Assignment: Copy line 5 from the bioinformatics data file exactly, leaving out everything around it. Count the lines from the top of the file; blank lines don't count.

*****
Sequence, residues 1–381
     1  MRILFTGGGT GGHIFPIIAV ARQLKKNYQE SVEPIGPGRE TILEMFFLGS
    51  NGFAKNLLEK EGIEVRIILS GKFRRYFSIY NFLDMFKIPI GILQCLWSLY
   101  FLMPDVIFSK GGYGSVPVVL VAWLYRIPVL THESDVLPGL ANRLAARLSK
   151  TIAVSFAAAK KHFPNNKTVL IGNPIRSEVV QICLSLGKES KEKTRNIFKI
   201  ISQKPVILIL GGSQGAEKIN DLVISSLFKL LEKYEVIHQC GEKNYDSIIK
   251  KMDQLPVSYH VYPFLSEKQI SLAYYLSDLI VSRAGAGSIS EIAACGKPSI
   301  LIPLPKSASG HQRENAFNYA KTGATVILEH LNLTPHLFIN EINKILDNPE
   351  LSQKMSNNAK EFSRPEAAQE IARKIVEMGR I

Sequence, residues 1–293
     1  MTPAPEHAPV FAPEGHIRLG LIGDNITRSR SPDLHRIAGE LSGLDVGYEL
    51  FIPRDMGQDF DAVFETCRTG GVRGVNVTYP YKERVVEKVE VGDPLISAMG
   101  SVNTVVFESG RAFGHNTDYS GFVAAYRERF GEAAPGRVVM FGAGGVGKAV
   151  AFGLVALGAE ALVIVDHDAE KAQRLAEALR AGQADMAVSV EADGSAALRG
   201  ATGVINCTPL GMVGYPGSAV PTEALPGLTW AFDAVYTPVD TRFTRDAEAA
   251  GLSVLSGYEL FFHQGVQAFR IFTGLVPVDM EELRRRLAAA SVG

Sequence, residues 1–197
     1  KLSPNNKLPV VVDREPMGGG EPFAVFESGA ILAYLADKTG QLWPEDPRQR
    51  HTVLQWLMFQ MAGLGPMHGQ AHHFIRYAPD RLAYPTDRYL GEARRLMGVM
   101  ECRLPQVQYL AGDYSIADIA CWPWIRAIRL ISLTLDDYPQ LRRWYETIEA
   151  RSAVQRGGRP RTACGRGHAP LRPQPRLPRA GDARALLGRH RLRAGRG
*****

   151  TIAVSFAAAK KHFPNNKTVL IGNPIRSEVV QICLSLGKES KEKTRNIFKI